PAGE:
If you take a trip to Shiga Prefecture, it could be many things: it could be relaxing, it could be sporting, or it could be a spiritual journey akin to that of monk, Ikkyu, the most well-known zen master in Japan, who had his moment of enlightenment on Lake Biwa. Ikkyu’s wit, wisdom, artistry and forthright attitude caught the imagination of the Japanese people and he has become a folk hero of whom the area is extremely proud. Today, there’s even a Japanese children’s cartoon about his adventures.
The Allure of Lake Biwa
Lake Biwa is the largest freshwater lake in Japan, and one of the country’s greatest water resources. It supplies municipal and industrial water to some 14 million residents around and downstream of the lake, and dominates a large area – around 670 km sq – northeast of Kyoto, where Ikkyu was born. Because of its proximity to the ancient capital, references to Lake Biwa appear frequently in Japanese literature, particularly in poetry and in historical accounts of battles.
Lake Biwa is thought to be one of the oldest of the 20 “ancient lakes” of the world and can be traced back, in some form, more than four million years, but the present Lake Biwa is considered to have been formed 400,000 years ago.
UNESCO, through its Ramsar Convention, helps with the ecological conservation of some 1,100 species living in and around the lake. This includes a total of 59 endemic species – those unique to Biwa – listed to date, of which nearly a half are mollusks and a quarter fish. Bird watchers and nature enthusiasts will find much to explore around the shore and in the forests and hills which surround Biwa.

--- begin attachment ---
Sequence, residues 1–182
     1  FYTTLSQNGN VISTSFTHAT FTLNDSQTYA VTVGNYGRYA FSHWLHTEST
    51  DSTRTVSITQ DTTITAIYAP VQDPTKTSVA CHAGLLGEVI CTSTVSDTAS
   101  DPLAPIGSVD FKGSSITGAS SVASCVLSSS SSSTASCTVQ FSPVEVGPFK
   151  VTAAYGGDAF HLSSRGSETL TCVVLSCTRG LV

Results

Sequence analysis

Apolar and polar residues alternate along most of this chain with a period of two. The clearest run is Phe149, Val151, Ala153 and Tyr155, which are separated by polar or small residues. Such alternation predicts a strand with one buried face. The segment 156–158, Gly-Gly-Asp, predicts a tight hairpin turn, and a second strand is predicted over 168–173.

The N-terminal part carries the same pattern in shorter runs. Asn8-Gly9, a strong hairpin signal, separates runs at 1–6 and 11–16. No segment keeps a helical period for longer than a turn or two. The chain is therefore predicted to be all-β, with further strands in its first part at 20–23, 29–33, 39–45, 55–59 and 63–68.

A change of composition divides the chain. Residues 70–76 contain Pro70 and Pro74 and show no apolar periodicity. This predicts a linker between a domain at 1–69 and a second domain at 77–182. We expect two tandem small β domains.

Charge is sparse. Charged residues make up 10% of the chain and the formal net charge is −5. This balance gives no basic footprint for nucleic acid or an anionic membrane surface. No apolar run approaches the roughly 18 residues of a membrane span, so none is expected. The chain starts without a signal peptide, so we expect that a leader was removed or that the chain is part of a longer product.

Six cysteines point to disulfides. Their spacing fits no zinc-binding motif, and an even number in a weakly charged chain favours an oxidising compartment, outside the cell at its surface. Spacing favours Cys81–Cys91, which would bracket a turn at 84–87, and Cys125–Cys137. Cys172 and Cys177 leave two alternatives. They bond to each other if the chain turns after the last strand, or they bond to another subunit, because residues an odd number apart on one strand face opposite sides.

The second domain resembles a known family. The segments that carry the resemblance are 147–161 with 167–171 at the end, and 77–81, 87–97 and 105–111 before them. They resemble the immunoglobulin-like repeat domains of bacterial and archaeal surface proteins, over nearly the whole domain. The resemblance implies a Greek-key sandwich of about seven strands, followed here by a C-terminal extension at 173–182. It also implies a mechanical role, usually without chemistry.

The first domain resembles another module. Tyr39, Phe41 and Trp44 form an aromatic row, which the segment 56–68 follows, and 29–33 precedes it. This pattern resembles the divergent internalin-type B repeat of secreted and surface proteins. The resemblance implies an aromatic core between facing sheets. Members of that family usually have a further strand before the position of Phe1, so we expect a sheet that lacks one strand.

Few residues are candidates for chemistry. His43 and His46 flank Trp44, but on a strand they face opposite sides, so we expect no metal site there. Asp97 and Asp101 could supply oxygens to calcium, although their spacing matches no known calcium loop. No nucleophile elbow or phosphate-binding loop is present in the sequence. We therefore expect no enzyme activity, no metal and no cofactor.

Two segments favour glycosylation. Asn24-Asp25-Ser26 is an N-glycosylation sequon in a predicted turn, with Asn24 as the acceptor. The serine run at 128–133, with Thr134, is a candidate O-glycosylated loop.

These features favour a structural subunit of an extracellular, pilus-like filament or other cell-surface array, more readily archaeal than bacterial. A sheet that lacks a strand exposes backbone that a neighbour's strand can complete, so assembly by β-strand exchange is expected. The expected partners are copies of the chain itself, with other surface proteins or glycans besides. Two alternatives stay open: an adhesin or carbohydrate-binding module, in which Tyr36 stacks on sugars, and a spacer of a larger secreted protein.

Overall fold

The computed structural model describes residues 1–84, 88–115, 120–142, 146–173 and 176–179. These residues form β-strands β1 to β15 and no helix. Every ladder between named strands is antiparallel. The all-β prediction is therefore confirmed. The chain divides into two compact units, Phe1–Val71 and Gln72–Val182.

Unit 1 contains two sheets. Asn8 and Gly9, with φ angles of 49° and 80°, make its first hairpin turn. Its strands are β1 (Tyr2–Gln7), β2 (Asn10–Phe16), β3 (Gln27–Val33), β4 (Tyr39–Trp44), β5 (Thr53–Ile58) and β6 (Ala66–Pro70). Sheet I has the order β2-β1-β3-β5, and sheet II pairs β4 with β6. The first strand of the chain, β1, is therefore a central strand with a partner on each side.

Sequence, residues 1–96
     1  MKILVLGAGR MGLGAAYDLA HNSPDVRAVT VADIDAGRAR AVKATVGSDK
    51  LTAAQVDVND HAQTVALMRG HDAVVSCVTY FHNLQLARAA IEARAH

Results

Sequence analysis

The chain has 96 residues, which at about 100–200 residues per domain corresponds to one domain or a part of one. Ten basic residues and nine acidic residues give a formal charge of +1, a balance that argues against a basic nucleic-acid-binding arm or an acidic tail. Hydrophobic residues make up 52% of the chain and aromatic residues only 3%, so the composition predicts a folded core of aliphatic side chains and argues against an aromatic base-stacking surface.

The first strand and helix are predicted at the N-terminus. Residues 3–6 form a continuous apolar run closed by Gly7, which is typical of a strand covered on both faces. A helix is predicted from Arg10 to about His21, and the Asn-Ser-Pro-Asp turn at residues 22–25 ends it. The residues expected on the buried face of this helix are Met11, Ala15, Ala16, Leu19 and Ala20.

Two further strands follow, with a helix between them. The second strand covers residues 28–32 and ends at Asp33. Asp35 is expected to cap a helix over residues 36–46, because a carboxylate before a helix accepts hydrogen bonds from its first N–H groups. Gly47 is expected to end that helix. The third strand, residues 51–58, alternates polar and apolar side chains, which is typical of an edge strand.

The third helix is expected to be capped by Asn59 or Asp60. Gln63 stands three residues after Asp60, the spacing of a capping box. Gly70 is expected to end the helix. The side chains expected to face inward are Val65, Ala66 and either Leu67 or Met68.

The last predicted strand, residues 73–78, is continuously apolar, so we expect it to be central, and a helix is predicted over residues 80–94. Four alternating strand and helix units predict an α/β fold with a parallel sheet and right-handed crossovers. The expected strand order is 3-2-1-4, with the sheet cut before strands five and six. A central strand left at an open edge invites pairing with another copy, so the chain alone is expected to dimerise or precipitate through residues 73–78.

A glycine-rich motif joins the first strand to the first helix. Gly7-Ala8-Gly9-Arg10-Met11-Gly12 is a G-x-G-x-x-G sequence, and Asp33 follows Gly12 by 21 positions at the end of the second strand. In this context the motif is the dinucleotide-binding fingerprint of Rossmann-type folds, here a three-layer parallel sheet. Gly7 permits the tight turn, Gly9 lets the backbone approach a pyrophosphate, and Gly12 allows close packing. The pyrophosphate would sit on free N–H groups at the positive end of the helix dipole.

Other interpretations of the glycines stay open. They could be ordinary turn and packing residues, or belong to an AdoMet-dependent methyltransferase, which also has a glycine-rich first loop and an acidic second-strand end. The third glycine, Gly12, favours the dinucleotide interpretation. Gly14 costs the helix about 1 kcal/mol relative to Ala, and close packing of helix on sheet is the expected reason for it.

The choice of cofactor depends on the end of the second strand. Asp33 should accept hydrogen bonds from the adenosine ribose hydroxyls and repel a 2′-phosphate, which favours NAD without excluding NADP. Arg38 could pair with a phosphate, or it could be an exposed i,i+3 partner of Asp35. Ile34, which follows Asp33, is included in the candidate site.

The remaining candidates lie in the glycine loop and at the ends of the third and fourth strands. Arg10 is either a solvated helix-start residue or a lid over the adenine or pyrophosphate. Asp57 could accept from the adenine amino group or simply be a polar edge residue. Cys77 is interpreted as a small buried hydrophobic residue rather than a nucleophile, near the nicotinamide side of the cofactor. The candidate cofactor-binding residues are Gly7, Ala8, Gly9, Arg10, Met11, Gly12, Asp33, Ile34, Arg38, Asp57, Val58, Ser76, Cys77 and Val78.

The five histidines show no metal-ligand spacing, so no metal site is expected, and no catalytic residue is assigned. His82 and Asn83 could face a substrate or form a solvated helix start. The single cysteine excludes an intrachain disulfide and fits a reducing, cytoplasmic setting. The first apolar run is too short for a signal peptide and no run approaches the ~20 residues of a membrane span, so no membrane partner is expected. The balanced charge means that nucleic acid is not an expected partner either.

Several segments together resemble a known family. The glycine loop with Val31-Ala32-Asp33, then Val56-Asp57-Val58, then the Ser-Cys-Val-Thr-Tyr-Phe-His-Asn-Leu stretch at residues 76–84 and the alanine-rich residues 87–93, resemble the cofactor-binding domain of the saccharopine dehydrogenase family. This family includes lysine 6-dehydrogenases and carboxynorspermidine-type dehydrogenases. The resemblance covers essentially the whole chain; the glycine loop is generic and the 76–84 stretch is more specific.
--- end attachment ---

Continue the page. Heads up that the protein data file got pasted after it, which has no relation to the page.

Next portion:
Ikkyu’s awakening on Lake Biwa, at midnight on May 20, 1420, was said to have occurred when he heard a crow and said to himself, “I can not see the crow in the darkness, but I know they are there. I can not see Buddha, but he is there in my mind.”
Things to Do at the Lake
That such a universal proverb was “born” on the lake will be encouragement for those of you wishing to take a spiritual journey, but this lake offers something for everyone. Where there’s fresh water, there’s sport and recreation. Many boating clubs and hire companies – even scuba diving facilities – take advantage of the lake, which is now as much famous for recreational tourism as history.
Surrounded by mountains, rivers which feed the lake, thick forest and beaches, the area is rich with opportunities for anything from adventure – seek out the water ski and parasailing clubs – to relaxation by the calming water.
For more information and details of how to get to Lake Biwa, see the official tourist association guide, in English, here.
Words by James K. Toda